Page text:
GENEVA: April 20, 2009. (AFP) Western nations boycotted a UN-organised racism conference on Monday over fears it would become a forum for anti-semitism as Iranian President Mahmoud Ahmadinejad prepared to deliver a keynote address
United Nations chief Ban Ki-Moon decried the Western boycotts as the list of absentees lengthened and other European nations threatened to walk out.
The diplomatic fallout meanwhile spread as Israel recalled its ambassador in protest at the Swiss president's decision to meet Ahmadinejad -- the Iranian's first formal meeting with a Western head of state since taking office in 2005.
"Some nations, who by rights should be helping to forge a path to a better future, are not here," Ban said as he opened the meeting in Geneva, telling delegates he was "profoundly disappointed."
"I deeply regret that some have chosen to stand aside," he added before holding his own meeting with Ahmadinejad.
Poland became the latest nation to boycott the meeting after the United States, Israel, Canada, Australia, Germany, Italy, the Netherlands and New Zealand.
France decided to attend the event but warned that Europeans would walk out if Ahmadinejad made "anti-Semitic accusations" during the event.
Ahmadinejad has caused outrage both within Israel and other Western nations over his previous comments that the Nazi Holocaust was a "myth" and the Jewish state should be "wiped off the map".
Before his arrival in Geneva, he launched a new broadside against Israel, saying "the Zionist ideology and regime are the flag-bearers of racism."
The European Jewish Congress said Ahmadinejad's presence meant the UN had "put the fox in charge of the hen house" while Swiss President Hans-Rudolf Merz's decision to meet him on Sunday led Israel to recall its envoy to Bern.
"This is not a break in relations, but an expression of Israel's discontent for the lax Swiss attitude towards Iran," an Israeli foreign ministry official told AFP on condition of anonymity.
The US government's decision Saturday to join Canada and Israel in staying away from Geneva snowballed as others followed.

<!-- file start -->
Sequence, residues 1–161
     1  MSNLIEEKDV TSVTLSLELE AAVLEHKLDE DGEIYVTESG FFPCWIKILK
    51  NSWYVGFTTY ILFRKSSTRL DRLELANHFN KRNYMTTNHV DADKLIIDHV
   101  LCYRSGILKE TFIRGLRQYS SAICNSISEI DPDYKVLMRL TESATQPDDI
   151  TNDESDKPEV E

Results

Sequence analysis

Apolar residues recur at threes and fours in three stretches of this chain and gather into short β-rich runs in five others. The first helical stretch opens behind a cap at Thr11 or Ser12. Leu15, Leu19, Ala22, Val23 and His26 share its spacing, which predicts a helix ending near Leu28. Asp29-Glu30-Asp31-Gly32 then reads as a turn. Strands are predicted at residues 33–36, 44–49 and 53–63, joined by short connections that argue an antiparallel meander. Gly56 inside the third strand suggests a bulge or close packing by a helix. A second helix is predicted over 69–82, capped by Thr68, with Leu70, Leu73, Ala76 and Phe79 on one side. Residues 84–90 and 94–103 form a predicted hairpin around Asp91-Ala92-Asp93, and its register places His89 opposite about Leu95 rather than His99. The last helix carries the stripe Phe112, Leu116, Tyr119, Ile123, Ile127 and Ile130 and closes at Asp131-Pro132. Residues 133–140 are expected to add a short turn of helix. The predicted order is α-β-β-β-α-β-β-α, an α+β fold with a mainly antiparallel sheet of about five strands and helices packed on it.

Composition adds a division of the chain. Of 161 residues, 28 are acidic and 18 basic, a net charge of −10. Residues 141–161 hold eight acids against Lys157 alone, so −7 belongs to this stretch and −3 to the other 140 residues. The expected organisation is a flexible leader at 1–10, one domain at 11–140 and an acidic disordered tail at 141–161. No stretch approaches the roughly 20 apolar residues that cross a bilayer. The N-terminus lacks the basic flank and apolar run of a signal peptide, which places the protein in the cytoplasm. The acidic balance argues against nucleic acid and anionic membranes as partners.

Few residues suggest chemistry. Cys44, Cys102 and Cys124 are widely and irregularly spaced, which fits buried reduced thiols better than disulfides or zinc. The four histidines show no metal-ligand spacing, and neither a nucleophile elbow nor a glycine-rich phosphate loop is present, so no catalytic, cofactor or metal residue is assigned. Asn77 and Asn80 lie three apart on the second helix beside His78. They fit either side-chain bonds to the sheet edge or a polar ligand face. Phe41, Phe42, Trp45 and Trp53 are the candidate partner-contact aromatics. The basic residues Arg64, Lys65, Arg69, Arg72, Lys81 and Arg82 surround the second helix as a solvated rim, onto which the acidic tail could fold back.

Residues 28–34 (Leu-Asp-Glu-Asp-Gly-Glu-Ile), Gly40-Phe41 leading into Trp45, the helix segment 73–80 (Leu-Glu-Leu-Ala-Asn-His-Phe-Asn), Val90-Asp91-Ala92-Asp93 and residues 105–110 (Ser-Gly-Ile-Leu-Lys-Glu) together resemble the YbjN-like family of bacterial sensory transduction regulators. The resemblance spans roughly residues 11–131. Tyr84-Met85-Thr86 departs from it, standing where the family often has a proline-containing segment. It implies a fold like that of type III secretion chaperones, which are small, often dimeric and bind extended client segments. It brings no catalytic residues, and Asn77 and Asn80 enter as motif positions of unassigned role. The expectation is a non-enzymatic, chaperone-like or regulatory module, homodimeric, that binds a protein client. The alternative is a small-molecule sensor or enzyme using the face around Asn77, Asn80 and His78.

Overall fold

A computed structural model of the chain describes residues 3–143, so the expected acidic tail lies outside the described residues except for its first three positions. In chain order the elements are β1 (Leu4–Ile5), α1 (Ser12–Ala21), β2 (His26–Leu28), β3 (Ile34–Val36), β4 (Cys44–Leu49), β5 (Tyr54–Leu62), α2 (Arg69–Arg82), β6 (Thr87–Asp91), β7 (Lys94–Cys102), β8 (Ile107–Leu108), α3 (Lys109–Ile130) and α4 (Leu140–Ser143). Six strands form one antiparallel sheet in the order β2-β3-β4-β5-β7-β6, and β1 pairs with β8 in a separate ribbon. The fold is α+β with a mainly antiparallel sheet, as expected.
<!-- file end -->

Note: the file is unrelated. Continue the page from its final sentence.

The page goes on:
"Regrettably, we cannot be confident that the review conference will not again be used as a platform to air offensive views, including anti-Semitic views," Australian Foreign Minister Stephen Smith said.
Israeli Prime Minister Benjamin Netanyahu applauded countries that decided "to boycott this festival of hate."
But the European Union's traditional show of unity on international human rights unravelled, as Britain, France and Ireland decided to attend.
"If he utters racist or anti-Semitic accusations, we will leave the room immediately," French Foreign Minister Bernard Kouchner told France Info radio.
Similar sentiments expressed by Arab and African countries eight years ago prompted a US and Israeli walkout during the World Conference against Racism in Durban, South Africa in 2001.
"We speak of finding a new unity, as the times demand. Yet we remain weak and divided and stuck in old ways," Ban said.
In a statement released through his spokeswoman, Ban said that he would not tolerate any denying of the Holocaust.
"He condemns Holocaust denial and those who minimise the importance of the Holocaust," Ban's spokeswoman said.
The Geneva meeting is meant to take stock of progress in fighting racial discrimination, xenophobia and intolerance since Durban.
But the UN High Commissioner for Human Rights underlined recently that the goals set then had not been achieved.
Monday is the 120th anniversary of Adolf Hitler's birth and also marks the start of Holocaust commemoration events, including a ceremony in Geneva attended by leading Jewish figures.